Meetings are a perpetual topic of debate in the business world as organizations strive to find balance between having enough meetings to maintain open communication and overwhelming the team with too many meetings. Meetings are a necessary part of any organization, but just about any employee can tell you stories about one-sided, never-ending, or irrelevant meetings.
If your employees don’t find value in the meetings they’re required to attend, it negatively impacts your employee engagement and productivity. But if meetings are approached correctly in an organization, they can actually increase engagement. Here are four tips for better meetings to improve employee engagement.
Have an agenda
This is one of the single most important aspects of better meetings. You should never go into a meeting without an agenda. An agenda lets everyone in attendance know what to expect for the meeting and gives them the opportunity to come prepared.
An agenda can also help improve overall focus at the meeting because people know what to expect. If an employee has specific feedback to offer about an upcoming project and can see that it’s on the agenda, they’ll likely spend less time wondering if that topic will be covered and more time focusing on the meeting.
Keep it relevant
It’s probably safe to say that every employee at some point in time has been in a meeting that they didn’t really need to attend. As you build your agenda and invite people to the meeting, make sure the topics are relevant for everyone. If half of the agenda requires extra people but the other half doesn’t, structure it so that the extra people can be dismissed when their part is finished.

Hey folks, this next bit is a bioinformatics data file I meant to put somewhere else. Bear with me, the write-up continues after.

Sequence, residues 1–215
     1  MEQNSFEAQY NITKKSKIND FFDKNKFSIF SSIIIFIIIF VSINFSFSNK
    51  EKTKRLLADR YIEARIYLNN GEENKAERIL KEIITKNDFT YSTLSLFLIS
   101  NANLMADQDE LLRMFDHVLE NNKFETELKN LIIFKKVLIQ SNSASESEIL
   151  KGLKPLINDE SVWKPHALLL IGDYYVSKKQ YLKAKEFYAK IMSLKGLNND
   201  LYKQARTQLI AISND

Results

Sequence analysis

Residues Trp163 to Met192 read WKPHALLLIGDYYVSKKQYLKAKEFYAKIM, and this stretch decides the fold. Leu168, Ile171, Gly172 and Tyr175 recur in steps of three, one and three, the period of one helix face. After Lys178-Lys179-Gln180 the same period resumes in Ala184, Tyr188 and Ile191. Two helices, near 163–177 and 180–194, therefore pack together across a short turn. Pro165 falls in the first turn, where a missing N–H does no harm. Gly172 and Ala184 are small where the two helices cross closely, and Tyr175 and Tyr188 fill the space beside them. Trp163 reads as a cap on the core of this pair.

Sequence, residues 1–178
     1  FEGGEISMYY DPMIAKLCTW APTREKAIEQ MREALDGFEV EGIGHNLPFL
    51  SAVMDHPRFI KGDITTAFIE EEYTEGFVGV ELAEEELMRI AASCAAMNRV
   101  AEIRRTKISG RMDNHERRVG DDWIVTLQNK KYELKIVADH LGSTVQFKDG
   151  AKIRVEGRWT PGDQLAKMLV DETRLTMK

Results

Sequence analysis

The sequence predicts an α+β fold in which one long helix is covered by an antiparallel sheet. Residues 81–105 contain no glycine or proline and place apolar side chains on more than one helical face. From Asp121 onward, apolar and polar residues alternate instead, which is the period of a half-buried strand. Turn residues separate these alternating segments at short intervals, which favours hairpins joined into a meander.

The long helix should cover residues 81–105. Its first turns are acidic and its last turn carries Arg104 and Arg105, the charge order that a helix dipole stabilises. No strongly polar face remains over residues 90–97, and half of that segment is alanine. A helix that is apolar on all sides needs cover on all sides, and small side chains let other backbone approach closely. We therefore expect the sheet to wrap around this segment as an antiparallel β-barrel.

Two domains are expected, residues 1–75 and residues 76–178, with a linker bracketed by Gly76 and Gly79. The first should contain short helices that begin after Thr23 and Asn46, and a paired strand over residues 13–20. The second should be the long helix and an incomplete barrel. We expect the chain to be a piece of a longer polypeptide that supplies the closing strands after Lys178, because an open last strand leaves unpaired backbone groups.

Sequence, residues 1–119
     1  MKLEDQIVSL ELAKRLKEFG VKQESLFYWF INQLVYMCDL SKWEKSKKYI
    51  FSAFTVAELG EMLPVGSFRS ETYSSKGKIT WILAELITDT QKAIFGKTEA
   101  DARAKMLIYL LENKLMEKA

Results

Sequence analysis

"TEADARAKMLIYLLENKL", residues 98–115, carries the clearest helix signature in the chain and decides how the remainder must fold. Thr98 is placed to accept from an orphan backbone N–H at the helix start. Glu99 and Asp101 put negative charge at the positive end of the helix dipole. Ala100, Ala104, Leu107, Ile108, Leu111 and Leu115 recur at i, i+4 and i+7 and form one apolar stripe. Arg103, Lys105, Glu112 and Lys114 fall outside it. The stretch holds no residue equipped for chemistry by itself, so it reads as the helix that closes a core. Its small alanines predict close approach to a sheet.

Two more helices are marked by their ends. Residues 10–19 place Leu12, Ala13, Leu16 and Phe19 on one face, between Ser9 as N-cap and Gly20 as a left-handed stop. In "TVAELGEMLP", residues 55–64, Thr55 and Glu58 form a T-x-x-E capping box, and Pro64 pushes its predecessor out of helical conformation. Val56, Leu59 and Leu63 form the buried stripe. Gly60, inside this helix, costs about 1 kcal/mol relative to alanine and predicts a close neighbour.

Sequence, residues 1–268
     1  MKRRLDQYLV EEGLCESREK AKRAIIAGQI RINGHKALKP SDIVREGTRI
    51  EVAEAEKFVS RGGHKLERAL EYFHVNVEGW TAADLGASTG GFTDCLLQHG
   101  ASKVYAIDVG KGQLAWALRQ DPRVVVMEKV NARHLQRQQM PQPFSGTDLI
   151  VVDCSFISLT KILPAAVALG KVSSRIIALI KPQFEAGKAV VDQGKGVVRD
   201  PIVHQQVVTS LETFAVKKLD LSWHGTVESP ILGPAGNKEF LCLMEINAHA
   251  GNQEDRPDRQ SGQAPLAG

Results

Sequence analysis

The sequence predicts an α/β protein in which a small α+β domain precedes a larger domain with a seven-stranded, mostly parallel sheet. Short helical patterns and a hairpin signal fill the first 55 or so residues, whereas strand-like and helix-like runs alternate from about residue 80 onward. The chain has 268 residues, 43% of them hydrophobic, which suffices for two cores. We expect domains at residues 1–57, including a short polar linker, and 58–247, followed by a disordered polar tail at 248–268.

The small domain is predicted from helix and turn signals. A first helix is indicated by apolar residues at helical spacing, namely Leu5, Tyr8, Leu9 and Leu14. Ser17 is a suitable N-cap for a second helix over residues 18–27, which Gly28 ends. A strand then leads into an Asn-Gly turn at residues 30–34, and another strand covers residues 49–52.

Keep it short
In many organizations, meetings get scheduled for an hour by default. But what if the meeting really only needs to be 30 minutes or maybe 45? Some meetings might only need to be 15 or 20 minutes if you have a clear agenda and the right people at the table.
For those employees who spend a significant portion of their day in meetings, scheduling meetings for 45 minutes instead of an hour allows for checking email and acting on quick follow-up tasks in between meetings. It also helps keep subsequent meetings on schedule throughout the day.
Give employees an opportunity to speak
This is another critical aspect of successful meetings, whether one-on-one, all-company, or project meetings. If you want strong employee engagement, you must create an opportunity for employee feedback and questions during meetings.
By creating feedback loops in your organization, you encourage employees to be an active participant in the success of the company. Ultimately, this leads to a culture where employees feel empowered to offer suggestions for process improvement and ask questions (and receive honest answers) about company initiatives.
When I worked at Disney many years ago, each workday started with a 15-minute staff meeting where we heard a brief update about the other parks and had the opportunity to ask questions. When that short meeting ended, I was the most educated employee in the organization, and I knew how my role fit in the bigger picture.
Given that experience, I’m a big supporter of daily or weekly staff meetings as long as they’re short meetings with a clear agenda, relevant topics, and an opportunity for feedback. If your organization hasn’t tried this approach to meetings, give it a shot. You might be surprised at the results.